Spaghetti Code

With my aged eyes, the most immediate way to improve the codebase is to clean up all the spaghetti. “Spaghetti” code, for the uninitiated, is code that mixes different control structures and types of code so as to be harder to understand. In this case, the main problem is that the back-end control flows and database queries are intermingled with the code which displays the site to the page.

Movie.php serves as a simple example of what I’m describing:



$query=mysql_query("SELECT `id`,`name`,`date_added` FROM `movie` ORDER BY `id` DESC LIMIT 20");
while ($data=mysql_fetch_assoc($query)) { echo'


Newest Movies
',$data['name'],' ',date("F j, Y", $data['date_added']),'



What’s problem with this block of code? The interaction with the database is right next to the code which displays its result. Why is this bad? Well, an application of this sort makes quite a few calls to the database, as seen in a lot of the files in Judgify’s code. The commonly accepted best practice is to separate code that does database and heavy computing work from the code which displays the results to the user on screen. A popular architecture for organizing code in that fashion is “Model-View-Controller”. Without too much detail, “Views” have code which displays the page, and “Controllers” control the processes of the application. If you were to update or write Judgify today, you’d probably want to use a PHP framework based on MVC such as CakePHP or CodeIgniter.

XSS and CSRF could be improved

Cross-site scripting (XSS) and Cross-Site Request Forgery (CSRF) are two common types of web application attacks. You can research them more at the links. Judgify itself only had limited protection from these kinds of attacks and was not tested extensively. I did add some protection to the application, as shown in the following line from “forum/makepost.php”:


The function “htmlentities” takes any arrows and quotations marks used to make HTML and converts it into non-html text. This way an attacker can not insert HTML code into your application, as it all gets converted to and from regular, non-HTML text.

“Trim” removes spaces from the beginning and end of text.

“mysql_real_escape_string” escapes special character, like slashes. “Escaping” in a coding context means specifying between where you want to use a character as itself or in the context of programming. As you’ve seen throughout code, the dollar sign acts as a special character in programming context. Add a “” in front of it in some instances would “escape” it so it is no longer special (This is just a top-of-the-head example).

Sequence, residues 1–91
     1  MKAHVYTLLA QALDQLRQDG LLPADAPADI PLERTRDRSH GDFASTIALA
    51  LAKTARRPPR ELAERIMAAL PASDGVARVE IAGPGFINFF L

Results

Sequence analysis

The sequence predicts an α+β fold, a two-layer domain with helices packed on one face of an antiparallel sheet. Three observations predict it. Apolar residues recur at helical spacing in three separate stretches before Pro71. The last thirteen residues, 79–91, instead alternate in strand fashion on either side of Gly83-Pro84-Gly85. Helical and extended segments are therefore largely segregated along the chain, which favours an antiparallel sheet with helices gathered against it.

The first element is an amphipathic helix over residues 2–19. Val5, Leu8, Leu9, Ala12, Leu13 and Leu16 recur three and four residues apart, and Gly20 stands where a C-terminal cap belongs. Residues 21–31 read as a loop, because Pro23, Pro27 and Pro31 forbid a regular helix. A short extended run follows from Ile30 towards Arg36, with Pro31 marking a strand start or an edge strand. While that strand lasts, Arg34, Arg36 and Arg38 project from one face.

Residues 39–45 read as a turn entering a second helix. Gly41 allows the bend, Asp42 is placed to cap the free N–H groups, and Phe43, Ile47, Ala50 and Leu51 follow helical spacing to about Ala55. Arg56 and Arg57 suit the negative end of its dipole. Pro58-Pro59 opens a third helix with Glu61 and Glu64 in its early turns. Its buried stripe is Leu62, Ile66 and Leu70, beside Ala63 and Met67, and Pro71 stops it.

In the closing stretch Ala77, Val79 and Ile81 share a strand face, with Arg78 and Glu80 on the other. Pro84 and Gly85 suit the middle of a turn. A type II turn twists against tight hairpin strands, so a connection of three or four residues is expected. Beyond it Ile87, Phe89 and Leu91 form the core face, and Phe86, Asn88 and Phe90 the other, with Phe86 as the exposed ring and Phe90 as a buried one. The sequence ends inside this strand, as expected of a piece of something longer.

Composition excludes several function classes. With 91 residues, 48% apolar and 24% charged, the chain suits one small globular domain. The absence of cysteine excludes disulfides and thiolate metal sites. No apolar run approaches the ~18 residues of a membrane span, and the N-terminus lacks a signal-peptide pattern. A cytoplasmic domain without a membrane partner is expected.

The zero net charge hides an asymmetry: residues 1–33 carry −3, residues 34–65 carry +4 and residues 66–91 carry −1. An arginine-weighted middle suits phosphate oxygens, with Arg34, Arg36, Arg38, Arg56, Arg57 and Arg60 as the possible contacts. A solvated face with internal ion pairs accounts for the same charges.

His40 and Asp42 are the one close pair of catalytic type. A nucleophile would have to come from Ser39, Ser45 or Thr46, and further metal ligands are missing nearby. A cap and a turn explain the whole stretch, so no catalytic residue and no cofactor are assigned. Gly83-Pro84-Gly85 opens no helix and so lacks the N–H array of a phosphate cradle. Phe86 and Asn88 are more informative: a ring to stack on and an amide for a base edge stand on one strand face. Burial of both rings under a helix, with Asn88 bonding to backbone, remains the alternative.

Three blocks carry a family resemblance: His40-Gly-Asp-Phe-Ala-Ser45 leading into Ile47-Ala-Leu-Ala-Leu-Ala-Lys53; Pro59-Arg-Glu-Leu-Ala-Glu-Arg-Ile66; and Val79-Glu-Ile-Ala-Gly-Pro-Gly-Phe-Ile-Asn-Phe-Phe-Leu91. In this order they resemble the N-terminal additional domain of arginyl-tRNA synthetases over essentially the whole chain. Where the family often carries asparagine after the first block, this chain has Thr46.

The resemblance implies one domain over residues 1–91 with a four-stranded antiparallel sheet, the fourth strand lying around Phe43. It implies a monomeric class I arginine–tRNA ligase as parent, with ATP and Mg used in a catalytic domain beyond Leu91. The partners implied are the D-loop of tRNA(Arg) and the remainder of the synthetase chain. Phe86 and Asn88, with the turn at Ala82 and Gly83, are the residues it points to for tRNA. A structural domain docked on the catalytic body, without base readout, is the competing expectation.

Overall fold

I should note that these were written in 2006 for PHP 4. I know that “mysql_real_escape_string” is considered outdated and better methods of security have been included since PHP 5.

Security Through Obscurity

This is a “technique” toward software security that is almost always a bad idea. So naturally 16 year old me did it. The idea is that if you give something a unreadable name or hide it away in a hard-to-find folder, it’s secure because nobody can find it. Without locking that folder in a cabinet though, if someone does stumble across your files, then you’re defenseless. The “admin” and “security” folders themselves have no security, so if someone knows the address to “security/install.php”, they can open the file and affect your database. This is pretty resolvable at the folder and file level by managing visitor and user access privileges.

Reflections on Getting Started

This pros and cons list was not meant to be comprehensive. Just sharing some brief ideas on issues to look at when writing code as a beginner and things to look back on after programming for a while.

I wrote Judgify originally for one reason: to learn. Videogames and websites had gotten me to question how they work. Judgify was my first little step into the programming world outside of some introductory high school CS classes. For anyone looking to get started, all you need is an idea. Maybe more importantly, you need to be brazen enough to try building the idea yourself. Don’t fear the difficulty of learning how technology works. I understand that it’s a lot easier when you’re a clueless teenager. In many ways, I wish I still was.